If you were to tell one of your non-cat-owning friends that you overheard your cat chirping, he might look at you quizzically. After all, we all know that birds chirp and cats meow, right? But as anyone who’s lived with a feline knows, cats have a deep well of weird and kooky sounds that they use to express different feelings and desires — and cat chirping (or cat chatter, cat chattering) is definitely an ability hardwired into cats’ oratorial repertoires.
Well, in the domestic realm, you’re most likely to witness cat chirping when your kitty is standing guard at the window, staring out at a pesky bunch of birds or critters. The curious noise that subsequently comes out of your cat could be described as a high-octane version of a goat’s bleat that often also has a few of those weird, rhythmic clicks mixed into it for good effect. As you’ve probably guessed at this point, cat chirping usually seems to occur as part of a feline’s esteemed hunting tactics.
It’s been suggested that the origins of cat chirping come from kittenhood. One theory claims that cat chirping is a way for a mother to corral her clowder of kittens to follow her. Building on to this, it’s also said that cat chirping can be used in return by a kitten as an ear-catching way to get the mom cat’s attention, especially if she’s craving food or play.
Fittingly, cat chirping is a beguiling — and, let’s be honest, pretty darn hilarious — mix of excitement and frustration. So, think of it like the whines of the proverbial kid in a candy store trying to convince a parent to stump up for the sugary stuff.
While cat chirping definitely has a similarity to the sounds that birds make when they’re gleefully trilling away, it isn’t meant to mimic the sound of a feline’s feathered foes. How do we know this? Because cats will also happily chirp away at squirrels and other potential meals — along with sometimes bringing the chirping behavior into the homestead by airing it out during play sessions with cat toys around the house.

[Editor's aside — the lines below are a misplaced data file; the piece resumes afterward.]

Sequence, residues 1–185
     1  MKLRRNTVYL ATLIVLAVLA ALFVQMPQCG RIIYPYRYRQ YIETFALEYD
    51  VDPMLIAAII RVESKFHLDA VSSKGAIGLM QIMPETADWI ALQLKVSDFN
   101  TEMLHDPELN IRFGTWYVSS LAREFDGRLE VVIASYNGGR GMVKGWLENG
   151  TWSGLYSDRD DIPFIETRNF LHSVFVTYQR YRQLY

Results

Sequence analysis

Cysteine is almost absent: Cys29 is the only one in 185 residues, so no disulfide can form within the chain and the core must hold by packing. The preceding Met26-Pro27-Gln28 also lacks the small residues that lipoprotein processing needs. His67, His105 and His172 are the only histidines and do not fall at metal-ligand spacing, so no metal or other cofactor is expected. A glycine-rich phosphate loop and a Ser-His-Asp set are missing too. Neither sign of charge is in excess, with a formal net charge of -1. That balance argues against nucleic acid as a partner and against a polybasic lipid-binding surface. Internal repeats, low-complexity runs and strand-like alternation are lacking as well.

Digging deeper, it seems that an element of frustration is key to understanding why and when cat chirping occurs. Out in the wild, a cat would spot, stalk and hunt his prey — but indoor cats are obviously scuppered by glass windows. The longer the feline stares out at a bird she cannot put the moves on, the more the cat chirping seems to increase.
Marilyn Krieger, a certified cat behavior consultant known as The Cat Coach and author of Naughty No More! suggests that cat chirping is “reflexive.” She adds, “[Cats] might chatter in anticipation of capturing the birds or maybe they’re frustrated because they can’t reach them through windows. Another theory is that cats chatter because they have a surge of adrenaline through their systems when they see potential prey.”
So, how should you react when your cat chirps? Well, first of all, don’t worry: There’s nothing medically wrong with her. If she’s an indoor feline perched at the window engaging in some enthusiastic chirping, the dignified course of action is to obviously join in with her excitement, while also sympathizing with her frustration. Yep, chirp along with your cat like you’re in some sort of feline karaoke session.
Thumbnail: Photography ©Andypott | iStock / Getty Images Plus.
Read more about cat sounds on Catster.com: